The Benefits of Retaining Maintenance Techs and How to Keep Them Engaged
Every human resources manager knows the benefit of long-tenured employees. Low turnover is something every factory strives for, because it means maximizing the capabilities of an engaged workforce. You don’t have to keep training new staff or waiting for fresh hires to adapt. The existing team gels and has a level of interpersonal communication that’s inherent. More importantly, tenured staff knows the expectations, standards, and requirements of their position.
Unfortunately, it’s not always easy to retain staff. Qualified individuals leave their jobs for many reasons. They find better pay or opportunities for advancement elsewhere. Personal circumstances force them to relocate or find new employment. They’re poached by a competitor. There’s a lot that’s out of your control, but there’s also a lot within your control, to keep them happy and engaged.
Tips for retaining qualified techs
There are a lot of factors that go into making a job appealing. Pay is of course the biggest concern, alongside benefits. Culture also plays a big role, but there are a lot of intangibles that factor into a person’s willingness and desire to stay in their current position ― especially after years of diligent service.
- Opportunity ― Is there upward mobility? Lateral opportunities? Few maintenance professionals want to be in the trenches their entire career. They need to know there’s something better in store for them eventually.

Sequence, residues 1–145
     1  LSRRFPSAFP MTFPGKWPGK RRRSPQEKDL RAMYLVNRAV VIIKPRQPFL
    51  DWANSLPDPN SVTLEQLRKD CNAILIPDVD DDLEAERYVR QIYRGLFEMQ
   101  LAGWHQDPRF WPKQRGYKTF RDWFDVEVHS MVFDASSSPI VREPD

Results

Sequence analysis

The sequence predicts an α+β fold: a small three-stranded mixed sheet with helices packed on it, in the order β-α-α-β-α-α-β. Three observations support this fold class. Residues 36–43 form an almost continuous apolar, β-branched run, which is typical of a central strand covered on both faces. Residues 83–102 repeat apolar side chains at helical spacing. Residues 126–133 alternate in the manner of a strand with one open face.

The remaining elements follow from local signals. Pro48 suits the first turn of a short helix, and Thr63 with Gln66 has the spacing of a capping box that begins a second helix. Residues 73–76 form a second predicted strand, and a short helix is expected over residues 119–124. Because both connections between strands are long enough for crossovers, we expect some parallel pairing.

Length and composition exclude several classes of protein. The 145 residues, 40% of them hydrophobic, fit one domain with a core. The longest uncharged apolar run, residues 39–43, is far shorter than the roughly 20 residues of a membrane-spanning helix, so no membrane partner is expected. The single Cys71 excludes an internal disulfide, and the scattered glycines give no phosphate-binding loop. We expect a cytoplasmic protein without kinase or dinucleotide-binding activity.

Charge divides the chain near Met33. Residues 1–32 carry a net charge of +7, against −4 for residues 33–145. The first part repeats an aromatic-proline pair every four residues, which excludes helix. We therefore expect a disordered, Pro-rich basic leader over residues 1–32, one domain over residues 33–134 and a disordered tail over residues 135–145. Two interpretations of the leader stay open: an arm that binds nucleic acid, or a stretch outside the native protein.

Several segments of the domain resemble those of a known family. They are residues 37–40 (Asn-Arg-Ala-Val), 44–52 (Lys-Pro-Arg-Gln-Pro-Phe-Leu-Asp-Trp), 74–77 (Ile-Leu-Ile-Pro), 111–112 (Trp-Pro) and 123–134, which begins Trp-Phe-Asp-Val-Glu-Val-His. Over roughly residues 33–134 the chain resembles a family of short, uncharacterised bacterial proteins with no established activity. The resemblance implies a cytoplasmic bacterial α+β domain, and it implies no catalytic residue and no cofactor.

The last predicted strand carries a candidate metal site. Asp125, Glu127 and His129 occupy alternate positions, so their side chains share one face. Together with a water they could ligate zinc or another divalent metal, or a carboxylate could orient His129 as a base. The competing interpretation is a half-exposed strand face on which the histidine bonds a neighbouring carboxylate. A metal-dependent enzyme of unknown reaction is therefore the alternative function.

- Retaining ― Industry is evolving, and smart maintenance techs are keen on staying up to date with it. Providing retaining opportunities and continuing education goes a long way in showing them they’re a valued member of your team.
- Wage ― You might not be able to pay the highest wages, so develop a wage scale that offers incentive to advance. Second to making money outright, techs want to know there’s opportunity for wage growth, not stagnation ahead.
- Delegate ― Give responsibility to those looking for it. There’s plenty of room for growth as Industry 4.0 rolls out. Put capable techs in a position to succeed, whether it’s entrusting them with new technology or putting them in a leadership role.
- Culture ― Create a culture your techs appreciate. If they’re simply “service workers,” they’re not going to feel valued. Pushing the importance of their work and their place within the factory ecosystem inspires a culture of positivity.
The bottom line is this: Control what you can when it comes to forces impacting your maintenance teams. If you can’t pay them more, supplement continuing education. If your culture is toxic, elevate people to change it. The solution to keeping the workforce you have is to show that you value and appreciate them.
Recruit with intent to retain
Retaining maintenance employees starts from the very beginning ― at the point of hire. If you’re hiring a person because they’re qualified and bring potential to your staff, make it a point to foster that potential. Every hire should be made with the intent to retain, with the expectation they’ll develop into an essential part of your maintenance workforce. This mindset helps develop personal value for each member of the team.
Retaining maintenance techs for the long term isn’t about trying to keep them; it’s about giving them a reason to stay. Are you giving your tenured maintenance team enough reasons to keep working for you?